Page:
One feature of the instant invention is that capillary fins are used which extend into the second channel from the plate upon which they are formed substantially to an adjoining plate. This feature has the advantage of enabling the fins to serve as spacers to maintain adjoining plates in a spaced relation. This feature also has the advantage of enabling the manufacturer to use plates which are thinner than those previously used. By using thinner plates, less material is required to make the plates, which reduces the material cost of the heat exchanger. Further, the use of thinner plates improves the heat conduction from the first channels to the second channels. This results in a greater cooling capacity for the heat exchanger. The present arrangement also results in the plates having a greater surface area, which also enhances the performance of the heat exchanger.
Another feature of the instant invention is that the capillary fins are placed in an alternating arrangement with the fins of adjoining plates. This feature has the advantage of making adjoining plates easier to align with respect to each other. By forming a plate having its first fin at a distance from the edge of the plate which differs from the distance the last fin is placed from the opposite edge of the plate, the need for forming plates having different fin placements is obviated. Plates having the same fin arrangement can be used by placing adjoining plates in a head-to-tail relation. The disclosed arrangement prevents the manufacturer from incurring tooling costs associated with forming two different molds to form the plates.
It is also a feature of the instant invention that aligning means are provided for the plates. This feature has the advantage of facilitating the alignment of the plates with respect to each other. Additionally, the engagement of the aligning means of adjacent plates retards movement of the plates with respect to each other.
These and other features of this invention and their inherent advantages will become apparent to those skilled in the art from the following description of preferred embodiments and the accompanying drawings illustrating the best mode of carrying out the invention as presently conceived wherein:
FIG. 1 is a side elevation view, partially broken away, of a wetted surface air-to-air heat exchanger constructed in accordance with the present invention;
FIG. 2 is a top plan view, partially broken away, of the heat exchanger shown in FIG. 1;
FIG. 3 is a sectional view taken along lines 3--3 of FIG. 1;
FIG. 4 is a front elevation view of a media sheet of the present invention;
FIG. 5 is an enlarged view, broken away, of the media plate assembly used in FIG. 1;
FIG. 6 is a top plan view of a media plate as viewed from line 6--6 of FIG. 5, partially broken away;
FIG. 7 is a front elevational view of a media sheet of another embodiment of the present invention;
FIG. 8 is an enlarged, cross-sectional view taken along lines 8--8 of FIG. 7; and
FIG. 9 is an enlarged, cross-sectional view taken along lines 9--9 of FIG. 7.
A wetted surface air-to-air heat exchanger 10 constructed in accordance with the present invention comprises generally a lower collar 12, end plates 14, and an upper collar 16. Water is caused to trickle downward over water distribution skirts 18 into and through a first set of channels in the media 20, while a first flow of air is caused to flow upward through the same channels to partially evaporate the water, thereby cooling the media. A second flow of air is caused to flow through the media 20 in a direction substantially normal to the plane of FIG. 1 to be cooled by contact with the media.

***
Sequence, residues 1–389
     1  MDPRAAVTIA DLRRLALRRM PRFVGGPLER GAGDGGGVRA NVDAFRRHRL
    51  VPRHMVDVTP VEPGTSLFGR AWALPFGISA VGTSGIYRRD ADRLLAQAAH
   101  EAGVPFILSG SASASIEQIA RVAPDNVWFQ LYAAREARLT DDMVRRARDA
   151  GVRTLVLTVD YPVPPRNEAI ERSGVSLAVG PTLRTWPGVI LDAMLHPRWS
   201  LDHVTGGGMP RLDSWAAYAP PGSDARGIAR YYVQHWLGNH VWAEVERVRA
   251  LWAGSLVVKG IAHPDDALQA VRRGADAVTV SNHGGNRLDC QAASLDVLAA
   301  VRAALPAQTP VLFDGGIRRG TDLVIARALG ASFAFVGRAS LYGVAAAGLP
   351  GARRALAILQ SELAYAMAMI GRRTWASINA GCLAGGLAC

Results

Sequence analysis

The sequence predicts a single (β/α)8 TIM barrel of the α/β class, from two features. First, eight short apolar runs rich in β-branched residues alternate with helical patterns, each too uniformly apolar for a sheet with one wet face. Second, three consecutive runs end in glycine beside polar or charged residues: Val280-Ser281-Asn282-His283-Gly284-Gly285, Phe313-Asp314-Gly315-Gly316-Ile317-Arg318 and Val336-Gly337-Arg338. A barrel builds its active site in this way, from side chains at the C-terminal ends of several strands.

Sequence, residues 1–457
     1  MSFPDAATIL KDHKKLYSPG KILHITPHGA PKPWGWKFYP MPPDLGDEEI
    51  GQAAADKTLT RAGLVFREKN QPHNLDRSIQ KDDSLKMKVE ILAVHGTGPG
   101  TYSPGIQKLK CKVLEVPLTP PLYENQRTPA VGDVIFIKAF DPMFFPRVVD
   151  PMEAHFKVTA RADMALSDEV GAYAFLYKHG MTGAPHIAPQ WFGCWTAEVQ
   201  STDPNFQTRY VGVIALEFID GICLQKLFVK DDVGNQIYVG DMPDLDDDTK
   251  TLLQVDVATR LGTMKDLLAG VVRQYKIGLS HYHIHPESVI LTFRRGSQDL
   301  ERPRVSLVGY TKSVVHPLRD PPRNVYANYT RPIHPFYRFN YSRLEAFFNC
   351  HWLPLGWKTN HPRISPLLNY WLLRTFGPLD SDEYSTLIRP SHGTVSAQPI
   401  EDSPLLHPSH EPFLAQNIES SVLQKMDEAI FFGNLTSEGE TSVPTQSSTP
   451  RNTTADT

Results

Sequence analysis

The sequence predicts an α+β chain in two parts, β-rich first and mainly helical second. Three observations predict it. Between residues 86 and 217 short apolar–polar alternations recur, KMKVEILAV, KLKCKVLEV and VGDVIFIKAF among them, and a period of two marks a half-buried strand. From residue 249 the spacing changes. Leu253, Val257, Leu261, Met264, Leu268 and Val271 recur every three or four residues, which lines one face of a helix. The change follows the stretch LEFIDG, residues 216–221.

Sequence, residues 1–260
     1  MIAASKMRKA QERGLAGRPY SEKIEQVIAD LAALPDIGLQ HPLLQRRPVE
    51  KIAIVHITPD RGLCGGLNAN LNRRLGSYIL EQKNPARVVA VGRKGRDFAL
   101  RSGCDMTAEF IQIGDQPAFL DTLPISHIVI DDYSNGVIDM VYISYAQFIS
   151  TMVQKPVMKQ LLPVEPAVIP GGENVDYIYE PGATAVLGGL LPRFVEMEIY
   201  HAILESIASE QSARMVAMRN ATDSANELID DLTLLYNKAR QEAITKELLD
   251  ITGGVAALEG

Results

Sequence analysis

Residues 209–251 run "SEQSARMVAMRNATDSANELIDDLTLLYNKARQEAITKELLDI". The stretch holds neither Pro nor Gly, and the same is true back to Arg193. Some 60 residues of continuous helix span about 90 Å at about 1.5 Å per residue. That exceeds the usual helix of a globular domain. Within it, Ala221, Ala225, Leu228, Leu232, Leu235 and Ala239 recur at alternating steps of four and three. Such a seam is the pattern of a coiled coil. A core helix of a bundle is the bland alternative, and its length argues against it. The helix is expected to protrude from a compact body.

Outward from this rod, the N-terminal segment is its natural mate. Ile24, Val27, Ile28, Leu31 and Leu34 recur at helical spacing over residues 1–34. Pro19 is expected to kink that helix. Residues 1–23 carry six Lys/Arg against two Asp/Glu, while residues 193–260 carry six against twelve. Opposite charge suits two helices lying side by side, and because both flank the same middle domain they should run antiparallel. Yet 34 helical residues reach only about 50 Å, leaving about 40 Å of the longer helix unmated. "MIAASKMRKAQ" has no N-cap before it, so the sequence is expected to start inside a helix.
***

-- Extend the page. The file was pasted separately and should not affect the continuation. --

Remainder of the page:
The lower collar 12 as shown in FIG. 1 comprises a generally rectangular annular element having a substantially horizontal inwardly protruding lip 22 which terminates to define bottom opening 24 of the exchanger 10. An upwardly and outwardly inclined portion 26 extends between lip portion 22 and a substantially vertically projecting rim portion 28 which envelopes the lower extremities of end plates 14 and media 20.
The upper collar 16 shown in detail in FIGS. 1-3 includes a downwardly extending rim portion 30 which envelopes the end plates 14 and media 20 in a manner similar to rim portion 28 of lower collar 12. The upper collar 16 extends upwardly from the rim portion 30 to an inwardly extending step 32 which rests upon the top edge of media 20. From step 32, the upper collar extends upwardly to a perimeter-defining ridge 34 which defines the perimeter of top opening 36 of exchanger 10.
The upper collar integrally includes water distribution means 38 comprising at least one upwardly opening channel 40 including tooth-like depressions 42 on the edge of the channel 40 which direct water 44 from the channel 40 outward on either side thereof and downward to media 20. Lower outer portions of the channels 40 include water distribution skirts 18 which can be integrally formed with the channel 40 or secured to the channel 40 by a securing means 46 such as an adhesive or weld. The water distribution skirts 18 can include on a lower edge thereof slits or serrations 48 for receiving upper edges 50 of media 20.
Each end plate 14 includes a top flange 52 and a bottom flange 54 which are held within the upper collar 16 and lower collar 12, respectively. Between the top flange 52 and bottom flange 54, the end plates 14 bow outwardly from the exchanger 10 to form a substantially planar vertical outer surface 56 which can be interrupted by one or more vertically extending depressions (not shown) for strengthening and rigidifying the end plate 14. Side flanges 60 are included which define the vertical edges of the exchanger 10.